Being restrained is a hell of a thing, especially for us. Whether it’s the sheer amount of horsepower, the outrageous levels of traction, or the indulgence of countless amenities, there’s always a desire for more. Not this time. When we specified our long-term (and top 10 wins) 2022 Volkswagen Golf GTIwe flipped the script.
Over the next 40,000 miles, we’ll see what life is like with the $30,540 base model GTI S. We’re pretty good at lip reading because we know you just said, “Wait, $30K for a base GTI?!” Yes, that’s for sure. These are the times we live in when someone pays $3.6 million for a one-of-a-kind Porsche 911 on the basis of art Cars Sally Carrera’s movie character.
The entry-level S trim means there won’t be a panoramic sunroof, ventilated front seats or heated rear seats. This is a decision we feel comfortable with. It also means the 15-position electronically controlled dampers won’t find their way into every corner. And that’s okay, it’s about 12 positions too many anyway. Most important is the 241-hp turbocharged 2.0-liter four. and a six-speed manual gearbox, the latter all the more so as a fundamental hot hatch needs to focus on the basics.
The biggest omission is the lack of summer rubber, which cannot be added as a separate option. Stickier rubber is reserved for the top-trim Autobahn, which costs $39,425. On the test track, however, the observations made when cutting the twisty two-lane track were confirmed: this eighth-generation GTI packs a ton of mechanical grip. Around the protective pad, the Pirelli P Zero all-season rubber sticks with 0.93g of lateral stick and isn’t too far off from the 0.98g we averaged with the GTI Autobahn on summer tires our latest comparison test. In the braking department, stops from 70 mph require 169 feet and stops from 100 mph require 342 feet—19 and 38 feet longer, respectively, than with the higher-grip rubber. We foresee a new set of wheels wrapped in summer rubber in our GTI’s future to help keep this VW on a tighter leash.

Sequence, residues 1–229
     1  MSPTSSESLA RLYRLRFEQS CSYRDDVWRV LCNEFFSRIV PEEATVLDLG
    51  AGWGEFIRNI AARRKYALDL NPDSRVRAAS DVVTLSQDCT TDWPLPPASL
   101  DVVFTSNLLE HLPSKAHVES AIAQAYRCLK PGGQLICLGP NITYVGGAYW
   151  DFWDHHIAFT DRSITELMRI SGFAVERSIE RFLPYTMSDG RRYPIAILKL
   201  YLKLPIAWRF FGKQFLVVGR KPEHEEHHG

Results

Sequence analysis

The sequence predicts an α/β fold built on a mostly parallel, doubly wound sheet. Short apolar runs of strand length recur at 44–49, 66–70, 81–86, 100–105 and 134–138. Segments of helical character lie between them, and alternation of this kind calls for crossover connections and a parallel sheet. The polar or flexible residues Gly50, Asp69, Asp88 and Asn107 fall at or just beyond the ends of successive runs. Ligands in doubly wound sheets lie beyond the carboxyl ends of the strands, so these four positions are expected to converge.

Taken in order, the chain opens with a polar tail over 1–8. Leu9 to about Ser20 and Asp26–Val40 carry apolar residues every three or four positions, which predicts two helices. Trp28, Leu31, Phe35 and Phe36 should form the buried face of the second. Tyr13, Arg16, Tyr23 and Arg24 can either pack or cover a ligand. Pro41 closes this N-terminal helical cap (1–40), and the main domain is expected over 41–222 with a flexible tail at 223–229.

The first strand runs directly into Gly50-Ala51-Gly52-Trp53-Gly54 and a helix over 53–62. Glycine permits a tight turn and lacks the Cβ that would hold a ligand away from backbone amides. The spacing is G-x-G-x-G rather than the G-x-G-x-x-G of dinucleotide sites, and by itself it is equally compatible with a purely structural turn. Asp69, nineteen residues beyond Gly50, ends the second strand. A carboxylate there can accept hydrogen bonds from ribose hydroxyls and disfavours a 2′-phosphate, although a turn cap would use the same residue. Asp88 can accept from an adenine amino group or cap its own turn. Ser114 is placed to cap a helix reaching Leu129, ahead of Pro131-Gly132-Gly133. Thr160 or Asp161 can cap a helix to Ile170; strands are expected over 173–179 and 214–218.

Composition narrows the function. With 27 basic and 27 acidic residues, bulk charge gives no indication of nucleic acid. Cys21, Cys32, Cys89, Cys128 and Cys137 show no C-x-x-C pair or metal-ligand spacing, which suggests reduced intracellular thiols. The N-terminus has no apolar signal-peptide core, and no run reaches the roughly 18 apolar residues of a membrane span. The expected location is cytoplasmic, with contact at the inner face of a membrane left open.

The all-season rubber proved more problematic when trying to get the most out of a standing start. There’s plenty of slip to manage, provided the GTI’s stability control system doesn’t try to microsteer first. Although the system shows that it has been turned off and removed from the equation, it still lingers in the background, trying to put out the tire fire both on the line and during aggressive downshifts down a gear or two. With a hint of clutch slip, our GTI hit 60 mph in 5.8 seconds and ran the quarter mile in 14.3 seconds at 101 mph. That’s just 0.3 seconds off the dual-clutch automatic GTI SE, which rides on the same rubber. We’ll gladly give up a few tenths to row our own gears.
Opting for the base Golf GTI means living with a smaller 8.3-inch touchscreen that lacks built-in navigation. And that’s okay, because many of us prefer apps with directions from Android Auto and Apple CarPlay. SiriusXM fans will be disappointed to learn of its absence, but again, smartphones for the win. Wired connections to these multimedia interfaces are a thing of the past, but the GTI S still requires a cord. All of these issues could be solved by stepping up to the SE trim level with its 10.0-inch display, but the smaller volume screen and tuning knobs already won us over over the fussy touch controls on the big screen.
Perhaps the GTI’s supportive seats with Clark checkered inserts and its fantastic handling manners will allow us to forgive the cabin’s material shortcomings. But these cheap-looking plastic parts stare at us every day. We have another 35,000 miles to decide if we can live with such a grim outlook.
Months in the Navy: 2 months Current Mileage: 4515 miles
Average fuel economy: 27 mpg
Fuel tank size: 13.2 gal Observed fuel range: 350 miles
Service: 0 dollars Normal wear and tear: 0 dollars Repair: 0 dollars
Damage and destruction: 0 dollars